where $ {\overline{w}}_t $ is the fraction of the sample of type $ t $ and $ {\sum}_t{\overline{w}}_t\hskip0.35em =\hskip0.35em 1. $ Assuming independence across respondents, the overall likelihood is

(5) $$ L\hskip0.35em =\hskip0.35em \prod \limits_iL\left({\boldsymbol{y}}_{i\cdot };\boldsymbol{\alpha}, \boldsymbol{\beta}, \boldsymbol{\lambda}, {\overline{w}}_1,{\overline{w}}_2,{\overline{w}}_3\right). $$

We maximize over all of the parameters using the usual expectation-maximization approach to the estimation of finite mixture models as described in the Appendix.

Having estimated model parameters, we take an empirical Bayes approach to the estimation of the probability that each respondent is of each of the three types. In particular, using Bayes rule, the $ i $ th respondent’s estimated probability of being of type $ t $ is

$$ {\hat{w}}_{it}\hskip0.35em =\hskip0.35em \frac{{\hat{\overline{w}}}_t{L}_t\left({\boldsymbol{y}}_{i\cdot };\hat{\boldsymbol{\alpha}},\hat{\boldsymbol{\beta}},\hat{\boldsymbol{\lambda}}\right)}{\sum_{t^{\prime }}{\hat{\overline{w}}}_{t^{\prime }}{L}_{t^{\prime }}\left({\boldsymbol{y}}_{i\cdot };\hat{\boldsymbol{\alpha}},\hat{\boldsymbol{\beta}},\hat{\boldsymbol{\lambda}}\right)}, $$

where the hatted quantities represent estimates.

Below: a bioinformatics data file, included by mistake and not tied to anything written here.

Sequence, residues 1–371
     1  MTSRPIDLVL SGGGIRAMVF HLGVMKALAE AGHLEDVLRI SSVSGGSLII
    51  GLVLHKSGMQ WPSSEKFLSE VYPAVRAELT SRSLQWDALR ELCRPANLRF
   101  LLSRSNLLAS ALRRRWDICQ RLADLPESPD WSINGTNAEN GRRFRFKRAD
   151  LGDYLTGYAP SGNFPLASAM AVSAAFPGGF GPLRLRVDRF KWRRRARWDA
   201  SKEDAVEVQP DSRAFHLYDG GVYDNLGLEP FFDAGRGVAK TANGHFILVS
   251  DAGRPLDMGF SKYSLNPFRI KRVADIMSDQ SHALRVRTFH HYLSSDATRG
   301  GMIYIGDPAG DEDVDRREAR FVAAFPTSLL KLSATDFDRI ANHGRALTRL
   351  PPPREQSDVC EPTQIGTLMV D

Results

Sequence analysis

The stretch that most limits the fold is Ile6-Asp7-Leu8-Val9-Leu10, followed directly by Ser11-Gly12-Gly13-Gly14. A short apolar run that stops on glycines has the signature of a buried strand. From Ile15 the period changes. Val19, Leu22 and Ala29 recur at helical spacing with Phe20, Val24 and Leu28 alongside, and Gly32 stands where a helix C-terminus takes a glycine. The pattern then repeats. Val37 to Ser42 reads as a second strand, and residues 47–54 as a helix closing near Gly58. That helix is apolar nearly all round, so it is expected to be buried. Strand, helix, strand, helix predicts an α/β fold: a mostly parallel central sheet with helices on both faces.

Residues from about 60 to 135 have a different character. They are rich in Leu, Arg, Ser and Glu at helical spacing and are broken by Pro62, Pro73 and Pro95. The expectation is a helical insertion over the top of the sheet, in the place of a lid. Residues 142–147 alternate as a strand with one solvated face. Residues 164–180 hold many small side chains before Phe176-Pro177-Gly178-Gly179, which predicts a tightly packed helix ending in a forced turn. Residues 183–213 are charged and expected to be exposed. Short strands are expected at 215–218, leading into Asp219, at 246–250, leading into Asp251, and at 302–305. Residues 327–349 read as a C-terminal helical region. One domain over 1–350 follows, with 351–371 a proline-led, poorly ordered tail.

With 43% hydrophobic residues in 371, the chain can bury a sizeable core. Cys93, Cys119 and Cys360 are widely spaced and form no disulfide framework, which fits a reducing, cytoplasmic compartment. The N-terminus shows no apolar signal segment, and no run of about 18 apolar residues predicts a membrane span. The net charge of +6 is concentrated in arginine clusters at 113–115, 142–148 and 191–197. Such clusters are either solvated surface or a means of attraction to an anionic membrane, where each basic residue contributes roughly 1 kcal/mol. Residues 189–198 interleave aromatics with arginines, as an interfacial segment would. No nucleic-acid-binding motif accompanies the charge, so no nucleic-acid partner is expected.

It is worth pointing out here that the algorithm does not proceed in stages by first identifying Downsians and then distinguishing Conversian and inattentive respondents. Our procedure estimates all parameters in an expectation-maximization algorithm, finding (1) estimated Conversian response rates $ \lambda $ for each question conditional on estimates of Conversian-type probability for each respondent and (2) estimated population fraction of each type, given item response estimates $ \alpha $ and $ \beta $ , Conversian rates $ \lambda $ , and observed data (pattern of responses for each respondent).

One potential concern is that respondents could be overfit into the Conversian or Downsian categories because each respondent’s responses contribute to the estimated Conversian weights and the estimated Downsian cutpoints and discrimination parameters. However, because we have tens of thousands of respondents per survey, the contribution of any one individual to these estimates is negligible. Furthermore, because we have at least 20 questions per survey and because our Downsian model imposes relatively strong assumptions about how item parameters and ideal points map into response probabilities, an idiosyncratic response pattern is unlikely to be wrongly classified as Downsian. Our Monte Carlo simulations in the Appendix demonstrate that with a sufficient number of respondents and policy questions, our procedure does not meaningfully under- or overestimate the shares of each group.

Estimated type probabilities

Figure 1 shows the Empirical Bayes estimated probabilities that each respondent is a Downsian (black), Conversian (dark gray), or inattentive (light gray) type after implementing our method for different datasets. We see that most respondents are classified into one of the three groups with high probability. Forty-eight percent of respondents have an estimated probability greater than 0.99, 66% exceed 0.95, and 74% exceed 0.9.

Figure 1. Distributions of Estimated Probabilities

Note: The figure shows kernel density plots (bandwidth = .03) of estimated probabilities that each respondent is a Downsian (black), Conversian (dark gray), and inattentive (light gray) type.